Ou Virak

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Ou Virak

"Through his innovative approaches to the media, his ability to creatively engage the countryside and his fearlessness, Ou Virak has brought international attention to the repression of human rights in Cambodia.

"As the highest staff member and spokesperson at the Cambodian Center for Human Rights (CCHR), Ou Virak has never failed to defend the principles of human rights. From facilitating public forums and addressing crowds to clearly explaining to illiterate farmers their fundamental rights and freedom, Ou Virak is guided by his strong belief that democracy begins with freedom of speech and assembly and that these rights are vital to the democratic development of Cambodia.

"Born during the first year of the Khmer Rouge regime, Virak never knew his father, who was an officer of the Lon Nol regime murdered by the Khmer Rouge. In 1984, along with his mother and four elder brothers, Virak left the country and lived in the Khao I Dang refugee camp in Thailand for three years. In 1988 the family was allowed to immigrate to the United States.

"Throughout his education and college career, Virak was an active member of the Cambodian Student Association. In 1993 he attended a meeting with the future Cambodian opposition leader Sam Rainsy and from that moment on actively participated in events and forums focusing on the human rights situation in Cambodia. In 1994 Virak began studying Economics at California State University of Fresno, graduating in 2000 with a Bachelors degree, and later studied at San Jose State University, completing his Masters degree program in 2003.

"Although Virak had adapted to American society well, he remained connected to his Cambodian homeland and culture. More and more he found himself interested in contributing to the democratic development of Cambodia which he visited in 1998 and 2003. In February of 2004, Virak returned to Cambodia permanently, taking a position as a teacher of Economics at the Pannasastr University in Pnom Penh.

"In May of 2005, Virak joined CCHR as a junior staff member only to find himself the organization’s new public face in the absence of two senior officers who had been arrested, imprisoned and charged with criminal defamation. It now fell to Virak to keep up the Center’s work and ensure that the organization did not flounder.

"Amid rumors of his own possible arrest, Virak not only refused to flee but took on a more visible and public role at CCHR. Where many organizations would have been paralyzed by the loss of their leaders, CCHR rose to the challenge and grew, expanding its reach from Pnom Penh to the Cambodian countryside and around the world. Virak worked tirelessly to draw attention and concern from the diplomatic community, Asian neighbors, the international press corps and the international human rights community. CCHR’s work created the highest level of pressure and scrutiny of the Cambodian government and led to the release of CCHR’s two senior officers.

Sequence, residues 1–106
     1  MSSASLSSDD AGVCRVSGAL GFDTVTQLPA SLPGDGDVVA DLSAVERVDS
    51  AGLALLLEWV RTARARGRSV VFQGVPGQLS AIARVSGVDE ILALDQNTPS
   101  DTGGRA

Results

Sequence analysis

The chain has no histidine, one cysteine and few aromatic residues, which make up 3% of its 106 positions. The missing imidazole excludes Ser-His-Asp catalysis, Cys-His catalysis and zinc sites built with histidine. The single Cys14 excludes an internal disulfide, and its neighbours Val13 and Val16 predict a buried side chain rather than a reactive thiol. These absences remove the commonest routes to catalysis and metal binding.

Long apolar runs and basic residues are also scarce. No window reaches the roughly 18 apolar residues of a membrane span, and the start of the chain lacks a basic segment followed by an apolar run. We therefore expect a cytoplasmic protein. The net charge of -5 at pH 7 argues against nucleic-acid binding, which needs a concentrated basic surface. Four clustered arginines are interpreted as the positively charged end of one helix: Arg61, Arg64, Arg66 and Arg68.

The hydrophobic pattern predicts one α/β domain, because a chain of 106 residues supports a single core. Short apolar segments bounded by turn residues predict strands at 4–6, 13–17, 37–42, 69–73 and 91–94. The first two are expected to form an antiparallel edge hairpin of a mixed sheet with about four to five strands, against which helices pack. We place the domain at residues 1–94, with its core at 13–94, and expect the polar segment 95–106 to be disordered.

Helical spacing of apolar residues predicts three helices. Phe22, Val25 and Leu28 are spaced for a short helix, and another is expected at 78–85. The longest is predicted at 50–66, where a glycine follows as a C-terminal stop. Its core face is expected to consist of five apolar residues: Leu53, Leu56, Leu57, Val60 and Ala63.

"In response to the imprisonment of his superiors, Ou Virak founded the Alliance for Freedom of Expression (AFEC), a network of various non-governmental Cambodian institutions and independent individuals founded to advocate for the right to freedom of expression. In 2005, AFEC distributed 100,000 yellow ribbons as a symbol of the need to support for Freedom of Expression throughout Cambodia. The launch of this campaign echoed throughout the world and large numbers of Cambodians wore yellow ribbons to public events sending a clear message to the government that Cambodian civil society did not accept repression against its leading activists. When the government intensified this repression by arresting other activists Mr. Virak became a key figure of non-violent resistance by publishing public statements and organizing the presentation of a petition for the release of those incarcerated.

"Since the successful release of all imprisoned Cambodian human rights defenders, AFEC has continued to demand the implementation of fundamental civil and political rights in Cambodia and has successfully affected a change in law that defamation would be decriminalized.

"Ou Virak has shown a high level of bravery in his role as spokesperson for the CCHR. He continues to speak out on issues such as freedom of speech, land-rights and political intimidation, issues which typically induce silence and self-censorship and jail-time within Cambodia. In a country where criticism of the government makes one an enemy of the state and a target for defamation crimes, Ou Virak is effective in speaking on behalf of those who can’t speak for themselves and is fearless, passionate and uncompromising while doing so. In a country like Cambodia, Ou Virak stands out as a glimmer of hope for the future." [1]

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References

  1. Iryna Toustsik, , accessed January 21, 2008.